The NSA set fire to the Internet’s future. The people in this room are all the firefighters. –Edward Snowden at SXSW
Edward Snowden, the NSA whistleblower in exile, spoke to the SXSW Interactive conference in Austin, Texas today. He appeared via a choppy videostream which was said to be routed through seven proxy servers. Joining the conversation in person were the ACLU’s Ben Wizner and Christopher Soghoian.
As the talk began, the atmosphere in the room itself was enlightening. I overheard many people joking, with a touch of discomfort, about whether they were now on an NSA list for attending, about how many Feds might be in the audience. “Can they arrest a few thousand of us on the way out?” quipped a woman seated next to me. In a sense, most of the tech geeks around me seemed to consider themselves dissidents.
The event was not without controversy. As the ACLU panelists reminded us, in the days leading up to the panel Kansas Representative Mike Pompeo made vague threats against SXSW and told them to cancel the Snowden speech.
Snowden, by contrast, opened by telling us how important it was to speak directly to the computer industry via SXSW. The reason he made one of his first virtual appearances in Austin is because the SXSW Interactive crowd has the power to change things now — while we’re waiting for policy and law to catch up with his leaked revelations, the geeks can get to work fixing things now. The simplest thing to do, he said, would be to encrypt everything we do, everywhere — using end-to-end encryption, where the two communicating individuals are the only ones with the key. Currently we use key escrow encryption, which means the corporations who give us our Internet services can unlock the whole data storehouse for the state at any time.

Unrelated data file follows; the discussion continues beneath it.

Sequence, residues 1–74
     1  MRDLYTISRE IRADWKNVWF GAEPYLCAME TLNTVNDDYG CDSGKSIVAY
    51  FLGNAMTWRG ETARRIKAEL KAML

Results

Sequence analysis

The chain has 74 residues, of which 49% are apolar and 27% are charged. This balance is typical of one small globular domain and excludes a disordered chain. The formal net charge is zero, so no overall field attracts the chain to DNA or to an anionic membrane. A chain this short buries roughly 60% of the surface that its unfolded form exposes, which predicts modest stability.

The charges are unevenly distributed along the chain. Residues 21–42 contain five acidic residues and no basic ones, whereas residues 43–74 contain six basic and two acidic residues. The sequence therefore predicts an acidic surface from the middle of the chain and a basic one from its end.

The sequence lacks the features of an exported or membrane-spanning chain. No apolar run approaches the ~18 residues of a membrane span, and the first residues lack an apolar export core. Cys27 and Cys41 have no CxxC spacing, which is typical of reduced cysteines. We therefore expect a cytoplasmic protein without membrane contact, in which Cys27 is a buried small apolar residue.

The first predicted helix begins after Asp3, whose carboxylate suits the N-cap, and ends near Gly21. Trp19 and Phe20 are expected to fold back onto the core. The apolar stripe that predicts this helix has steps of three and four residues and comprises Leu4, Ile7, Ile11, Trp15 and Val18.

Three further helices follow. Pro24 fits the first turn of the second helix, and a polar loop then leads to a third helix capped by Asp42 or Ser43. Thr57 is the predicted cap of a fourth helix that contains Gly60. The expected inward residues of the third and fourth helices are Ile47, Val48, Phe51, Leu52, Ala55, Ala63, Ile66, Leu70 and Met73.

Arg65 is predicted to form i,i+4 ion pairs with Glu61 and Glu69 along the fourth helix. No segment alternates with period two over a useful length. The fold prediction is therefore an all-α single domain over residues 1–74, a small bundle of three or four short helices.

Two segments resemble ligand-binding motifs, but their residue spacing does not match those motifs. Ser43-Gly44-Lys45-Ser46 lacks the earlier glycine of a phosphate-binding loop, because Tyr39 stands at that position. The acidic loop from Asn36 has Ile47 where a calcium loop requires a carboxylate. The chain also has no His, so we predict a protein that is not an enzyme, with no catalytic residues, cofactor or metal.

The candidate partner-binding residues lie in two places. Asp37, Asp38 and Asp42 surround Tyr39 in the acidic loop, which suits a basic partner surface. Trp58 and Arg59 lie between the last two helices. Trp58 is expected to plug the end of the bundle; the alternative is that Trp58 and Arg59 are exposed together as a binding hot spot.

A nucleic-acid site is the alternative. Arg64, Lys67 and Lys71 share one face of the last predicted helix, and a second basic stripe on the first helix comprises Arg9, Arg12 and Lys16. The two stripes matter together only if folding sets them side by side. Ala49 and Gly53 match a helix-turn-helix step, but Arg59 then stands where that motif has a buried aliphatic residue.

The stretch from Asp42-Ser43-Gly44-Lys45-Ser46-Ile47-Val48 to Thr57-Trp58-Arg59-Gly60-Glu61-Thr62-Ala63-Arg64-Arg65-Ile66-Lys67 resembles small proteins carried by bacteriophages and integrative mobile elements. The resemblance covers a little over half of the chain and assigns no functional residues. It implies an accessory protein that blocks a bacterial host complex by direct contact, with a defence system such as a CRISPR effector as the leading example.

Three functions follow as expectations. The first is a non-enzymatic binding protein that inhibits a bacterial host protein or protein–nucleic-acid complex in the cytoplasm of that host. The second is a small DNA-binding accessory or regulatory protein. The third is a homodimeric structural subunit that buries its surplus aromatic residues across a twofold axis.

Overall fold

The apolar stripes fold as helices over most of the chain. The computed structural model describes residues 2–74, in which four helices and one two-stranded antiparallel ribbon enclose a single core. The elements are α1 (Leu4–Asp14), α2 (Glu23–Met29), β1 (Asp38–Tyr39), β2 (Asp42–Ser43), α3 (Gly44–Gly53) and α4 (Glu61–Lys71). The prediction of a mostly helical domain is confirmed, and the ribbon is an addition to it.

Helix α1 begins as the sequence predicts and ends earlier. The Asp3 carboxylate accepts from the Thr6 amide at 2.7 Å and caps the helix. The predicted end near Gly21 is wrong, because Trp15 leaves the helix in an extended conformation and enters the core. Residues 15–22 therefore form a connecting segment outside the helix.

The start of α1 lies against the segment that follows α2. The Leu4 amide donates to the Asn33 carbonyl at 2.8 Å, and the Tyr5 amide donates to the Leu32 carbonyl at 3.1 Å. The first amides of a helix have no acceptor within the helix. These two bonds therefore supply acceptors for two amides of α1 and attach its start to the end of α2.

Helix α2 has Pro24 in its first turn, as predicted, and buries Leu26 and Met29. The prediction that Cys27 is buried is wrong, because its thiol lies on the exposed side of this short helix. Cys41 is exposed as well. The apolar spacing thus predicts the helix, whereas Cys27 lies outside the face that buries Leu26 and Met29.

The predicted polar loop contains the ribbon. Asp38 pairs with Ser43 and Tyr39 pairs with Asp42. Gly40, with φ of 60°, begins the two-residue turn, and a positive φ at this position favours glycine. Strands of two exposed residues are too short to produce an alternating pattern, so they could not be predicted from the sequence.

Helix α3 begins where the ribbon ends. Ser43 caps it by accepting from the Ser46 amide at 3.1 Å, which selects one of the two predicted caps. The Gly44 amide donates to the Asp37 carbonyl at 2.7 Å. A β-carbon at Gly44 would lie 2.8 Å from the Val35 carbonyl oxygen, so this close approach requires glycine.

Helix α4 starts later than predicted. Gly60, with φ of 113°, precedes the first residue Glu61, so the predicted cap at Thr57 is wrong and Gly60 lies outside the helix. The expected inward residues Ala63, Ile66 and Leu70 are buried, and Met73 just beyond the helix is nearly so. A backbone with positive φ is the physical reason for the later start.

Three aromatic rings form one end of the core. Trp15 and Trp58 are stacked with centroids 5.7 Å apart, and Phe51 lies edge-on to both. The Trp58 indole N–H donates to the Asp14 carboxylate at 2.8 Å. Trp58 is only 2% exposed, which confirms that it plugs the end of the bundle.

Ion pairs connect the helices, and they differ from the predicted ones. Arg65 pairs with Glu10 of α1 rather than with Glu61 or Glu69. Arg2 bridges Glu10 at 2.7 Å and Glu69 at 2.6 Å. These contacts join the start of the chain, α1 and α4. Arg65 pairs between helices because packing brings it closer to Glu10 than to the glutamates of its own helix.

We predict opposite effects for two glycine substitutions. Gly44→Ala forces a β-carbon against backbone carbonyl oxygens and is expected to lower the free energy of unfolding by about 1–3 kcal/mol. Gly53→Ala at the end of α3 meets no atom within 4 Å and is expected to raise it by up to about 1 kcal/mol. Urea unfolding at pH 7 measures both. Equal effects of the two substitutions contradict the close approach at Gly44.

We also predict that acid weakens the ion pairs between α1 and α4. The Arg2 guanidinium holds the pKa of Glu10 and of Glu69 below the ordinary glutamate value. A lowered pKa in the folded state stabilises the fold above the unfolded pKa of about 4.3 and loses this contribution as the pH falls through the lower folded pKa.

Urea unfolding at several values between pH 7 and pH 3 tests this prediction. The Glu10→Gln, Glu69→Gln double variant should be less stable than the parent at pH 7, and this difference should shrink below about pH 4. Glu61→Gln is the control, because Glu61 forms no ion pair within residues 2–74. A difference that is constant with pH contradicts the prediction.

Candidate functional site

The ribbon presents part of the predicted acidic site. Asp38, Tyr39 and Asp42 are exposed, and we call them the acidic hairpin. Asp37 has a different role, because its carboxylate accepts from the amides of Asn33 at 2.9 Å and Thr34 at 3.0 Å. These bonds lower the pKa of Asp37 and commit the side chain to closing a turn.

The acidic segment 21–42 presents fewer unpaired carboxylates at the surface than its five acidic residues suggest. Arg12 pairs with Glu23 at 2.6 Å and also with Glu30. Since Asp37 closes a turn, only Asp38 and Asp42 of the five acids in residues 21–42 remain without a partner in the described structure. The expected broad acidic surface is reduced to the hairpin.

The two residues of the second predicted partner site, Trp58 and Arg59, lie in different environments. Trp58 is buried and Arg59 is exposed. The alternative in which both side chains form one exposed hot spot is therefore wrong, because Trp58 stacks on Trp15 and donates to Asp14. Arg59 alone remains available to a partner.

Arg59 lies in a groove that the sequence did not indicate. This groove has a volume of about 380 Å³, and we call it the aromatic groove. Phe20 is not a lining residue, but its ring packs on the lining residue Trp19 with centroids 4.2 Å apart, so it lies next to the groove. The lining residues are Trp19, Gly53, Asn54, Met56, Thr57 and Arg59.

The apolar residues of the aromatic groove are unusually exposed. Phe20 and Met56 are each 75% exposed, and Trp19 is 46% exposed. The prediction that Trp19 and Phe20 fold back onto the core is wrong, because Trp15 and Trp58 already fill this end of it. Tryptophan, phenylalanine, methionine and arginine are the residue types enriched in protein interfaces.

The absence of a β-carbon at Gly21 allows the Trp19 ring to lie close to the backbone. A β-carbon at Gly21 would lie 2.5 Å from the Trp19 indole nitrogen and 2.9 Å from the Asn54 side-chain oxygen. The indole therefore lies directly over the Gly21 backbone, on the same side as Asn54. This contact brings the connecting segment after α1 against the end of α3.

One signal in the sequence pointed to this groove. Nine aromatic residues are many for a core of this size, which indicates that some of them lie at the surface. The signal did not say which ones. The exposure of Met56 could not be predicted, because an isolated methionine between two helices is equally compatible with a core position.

If you have to go to the command line, people aren’t going to use it. –Edward Snowden at SXSW
Widespread use of secure encryption would make mass surveillance prohibitively expensive for the state. The problem we have now — as Soghoian pointed out — is the so called Greenwald Test, named for the reporter’s initial inability to use PGP encryption. The tools we have available are either polished and insecure — like Gmail or Facebook — or almost impenetrable to the average user, like Tor. “I want the next Twitter or WhatsApp to use end-to-end encryption.” The problem is that this also requires building new profit models — free services depend on advertising revenue, and opening up user content and data to advertisers also opens them up to attack by governments.
Of course, Edward Snowden also included harsh words for the US shadow government in his talk. How can people like Keith Alexander say Edward Snowden has damaged online national security, when their surveillance has done nearly irreparable harm to the trust our citizens and the people of the world have for US Internet services? In response to an audience question, he told us that policy and law would not change until there is true accountability for the intelligence community — nothing will change as long as people like James Clapper can lie with impunity.
In this sense, Snowden’s leaks have already made every citizen worldwide safer, the panelists emphasized, by increasing awareness and pressuring corporations to take small but important steps like enabling SSL for every user.
UPDATE: Read this article in Turkish, courtesy of Bigumigu..
Photo by Kit O’Connell, all rights reserved.